Surprisingly, most of his injury concerns while with the Jays came from his obliques. This is never particularly encouraging for a player, as such core muscles are absolutely imperative for one to be able to play at a high level. The ability to have a strong core allows a player to have a robust center of gravity, which enables them to move and react quicker with greater range of motion. Specifically when playing an infield position, suffering such an injury more or less debilitates a player from performing necessary motions - i.e. fielding ground balls while moving laterally. Lawrie suffered injuries to his obliques in all three of the aforementioned years with the Blue Jays (2012 - right oblique, 2013 - left oblique, 2014 - left oblique).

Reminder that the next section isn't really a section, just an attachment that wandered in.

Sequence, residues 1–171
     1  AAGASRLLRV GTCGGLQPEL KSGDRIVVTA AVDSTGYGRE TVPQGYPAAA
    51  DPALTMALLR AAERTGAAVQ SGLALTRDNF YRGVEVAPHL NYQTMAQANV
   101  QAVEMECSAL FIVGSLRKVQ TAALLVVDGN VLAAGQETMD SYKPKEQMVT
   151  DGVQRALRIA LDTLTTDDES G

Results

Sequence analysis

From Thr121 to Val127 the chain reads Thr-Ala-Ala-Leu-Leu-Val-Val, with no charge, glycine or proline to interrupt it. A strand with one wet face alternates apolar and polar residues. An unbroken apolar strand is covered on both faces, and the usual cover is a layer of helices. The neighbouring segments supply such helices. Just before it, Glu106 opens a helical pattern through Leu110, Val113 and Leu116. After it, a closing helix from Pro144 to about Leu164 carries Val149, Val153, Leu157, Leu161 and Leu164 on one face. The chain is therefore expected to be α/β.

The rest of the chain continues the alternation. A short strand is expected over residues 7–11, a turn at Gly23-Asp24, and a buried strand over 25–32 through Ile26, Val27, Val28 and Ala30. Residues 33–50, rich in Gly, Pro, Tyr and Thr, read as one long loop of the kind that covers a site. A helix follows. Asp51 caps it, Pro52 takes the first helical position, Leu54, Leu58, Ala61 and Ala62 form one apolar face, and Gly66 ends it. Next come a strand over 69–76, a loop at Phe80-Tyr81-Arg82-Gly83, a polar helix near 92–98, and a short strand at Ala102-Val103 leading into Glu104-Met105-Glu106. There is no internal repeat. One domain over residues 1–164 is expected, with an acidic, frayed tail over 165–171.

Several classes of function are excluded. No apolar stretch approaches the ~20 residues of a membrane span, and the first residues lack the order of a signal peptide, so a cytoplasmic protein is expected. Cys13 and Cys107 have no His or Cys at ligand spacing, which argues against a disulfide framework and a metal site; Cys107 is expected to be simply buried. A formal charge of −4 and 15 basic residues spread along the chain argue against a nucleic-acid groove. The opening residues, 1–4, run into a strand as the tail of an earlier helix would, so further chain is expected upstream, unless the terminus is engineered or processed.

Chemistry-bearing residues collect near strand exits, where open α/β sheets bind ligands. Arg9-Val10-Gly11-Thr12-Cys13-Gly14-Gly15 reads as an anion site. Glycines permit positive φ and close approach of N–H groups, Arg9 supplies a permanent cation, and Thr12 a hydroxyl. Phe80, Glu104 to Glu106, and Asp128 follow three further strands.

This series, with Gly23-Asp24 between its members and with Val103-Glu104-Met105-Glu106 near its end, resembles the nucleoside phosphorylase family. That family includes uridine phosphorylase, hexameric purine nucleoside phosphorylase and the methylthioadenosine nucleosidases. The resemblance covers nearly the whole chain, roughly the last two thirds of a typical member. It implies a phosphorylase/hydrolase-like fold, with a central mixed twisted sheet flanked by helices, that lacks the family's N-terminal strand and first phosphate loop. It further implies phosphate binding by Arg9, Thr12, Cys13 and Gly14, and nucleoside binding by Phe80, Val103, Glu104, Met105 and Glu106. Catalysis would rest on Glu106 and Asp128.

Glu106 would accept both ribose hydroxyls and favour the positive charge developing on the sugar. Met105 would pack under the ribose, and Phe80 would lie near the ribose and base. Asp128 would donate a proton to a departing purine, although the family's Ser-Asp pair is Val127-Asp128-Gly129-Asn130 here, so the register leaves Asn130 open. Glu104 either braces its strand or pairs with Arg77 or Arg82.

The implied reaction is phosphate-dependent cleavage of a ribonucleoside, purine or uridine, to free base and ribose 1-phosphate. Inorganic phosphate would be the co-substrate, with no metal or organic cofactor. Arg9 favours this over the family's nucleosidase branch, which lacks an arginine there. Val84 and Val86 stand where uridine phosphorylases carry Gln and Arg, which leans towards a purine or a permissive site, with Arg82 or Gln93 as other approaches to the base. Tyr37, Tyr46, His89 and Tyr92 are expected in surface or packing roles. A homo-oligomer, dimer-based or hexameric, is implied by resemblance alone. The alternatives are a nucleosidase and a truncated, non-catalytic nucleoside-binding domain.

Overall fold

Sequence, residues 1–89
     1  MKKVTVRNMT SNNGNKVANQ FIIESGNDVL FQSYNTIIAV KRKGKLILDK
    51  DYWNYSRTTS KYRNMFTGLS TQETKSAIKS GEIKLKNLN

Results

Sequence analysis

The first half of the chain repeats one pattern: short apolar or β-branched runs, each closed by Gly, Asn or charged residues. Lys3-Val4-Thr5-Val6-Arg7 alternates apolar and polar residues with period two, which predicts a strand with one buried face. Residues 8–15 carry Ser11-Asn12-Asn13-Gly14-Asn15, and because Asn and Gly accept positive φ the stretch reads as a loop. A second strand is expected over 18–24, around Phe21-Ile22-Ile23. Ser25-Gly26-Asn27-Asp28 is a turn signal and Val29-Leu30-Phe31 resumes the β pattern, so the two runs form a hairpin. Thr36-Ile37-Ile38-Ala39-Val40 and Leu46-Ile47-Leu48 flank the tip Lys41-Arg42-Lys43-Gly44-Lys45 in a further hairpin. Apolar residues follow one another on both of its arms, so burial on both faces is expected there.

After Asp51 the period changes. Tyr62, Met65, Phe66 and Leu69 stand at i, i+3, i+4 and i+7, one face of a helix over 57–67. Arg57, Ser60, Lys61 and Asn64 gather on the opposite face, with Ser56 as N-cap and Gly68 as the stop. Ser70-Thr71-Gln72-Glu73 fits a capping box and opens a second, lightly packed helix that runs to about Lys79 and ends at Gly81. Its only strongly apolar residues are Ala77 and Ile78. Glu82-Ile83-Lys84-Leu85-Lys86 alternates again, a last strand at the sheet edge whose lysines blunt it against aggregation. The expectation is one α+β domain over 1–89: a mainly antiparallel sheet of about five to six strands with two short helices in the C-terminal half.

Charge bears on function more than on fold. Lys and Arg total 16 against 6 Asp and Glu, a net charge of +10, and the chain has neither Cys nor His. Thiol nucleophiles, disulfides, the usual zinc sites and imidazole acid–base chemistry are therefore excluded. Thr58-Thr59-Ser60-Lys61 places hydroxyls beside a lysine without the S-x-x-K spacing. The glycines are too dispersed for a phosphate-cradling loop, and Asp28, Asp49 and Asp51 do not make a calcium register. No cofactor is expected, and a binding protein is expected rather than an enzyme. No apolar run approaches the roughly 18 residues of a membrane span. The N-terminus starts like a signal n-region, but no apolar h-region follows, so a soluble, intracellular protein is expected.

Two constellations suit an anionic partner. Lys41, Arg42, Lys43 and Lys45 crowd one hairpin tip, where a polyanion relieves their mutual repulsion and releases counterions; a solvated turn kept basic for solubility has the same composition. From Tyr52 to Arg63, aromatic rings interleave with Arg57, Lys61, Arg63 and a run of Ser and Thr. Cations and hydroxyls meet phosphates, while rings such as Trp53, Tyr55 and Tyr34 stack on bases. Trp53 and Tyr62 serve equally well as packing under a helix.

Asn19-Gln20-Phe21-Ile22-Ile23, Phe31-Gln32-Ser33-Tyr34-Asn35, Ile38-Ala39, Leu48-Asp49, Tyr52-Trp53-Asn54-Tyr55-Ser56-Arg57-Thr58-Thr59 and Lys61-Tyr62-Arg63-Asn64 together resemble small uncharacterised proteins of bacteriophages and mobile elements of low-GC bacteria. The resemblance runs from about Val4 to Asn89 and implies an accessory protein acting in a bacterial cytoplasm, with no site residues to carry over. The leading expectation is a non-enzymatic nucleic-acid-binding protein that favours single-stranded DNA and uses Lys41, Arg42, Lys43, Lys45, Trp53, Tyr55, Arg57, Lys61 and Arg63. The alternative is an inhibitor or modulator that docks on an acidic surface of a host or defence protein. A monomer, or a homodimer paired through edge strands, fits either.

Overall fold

Now, one way to mitigate the risk of injury is to perhaps scale it back a bit with Lawrie, both in terms of how he plays and the amount of time he (ideally) plays. Jesse Levine of Jays Journal suggests a similar sentiment, noting that maybe the Jays could bring Lawrie in as a player that sort of "fills in" for everyday players. For instance, if Donaldson needs a break from playing third base, or if Devon Travis isn't ready for the start of the season at second base, it may take the pressure off of Lawrie as he wouldn't be relied upon as heavily as he would if he was approached as an everyday player. Thus, if his playing time is limited and he's only being used as a utility player that comes off the bench, it would also mitigate his risk of injury. Thing is, the Jays already have that guy, minus the concerns.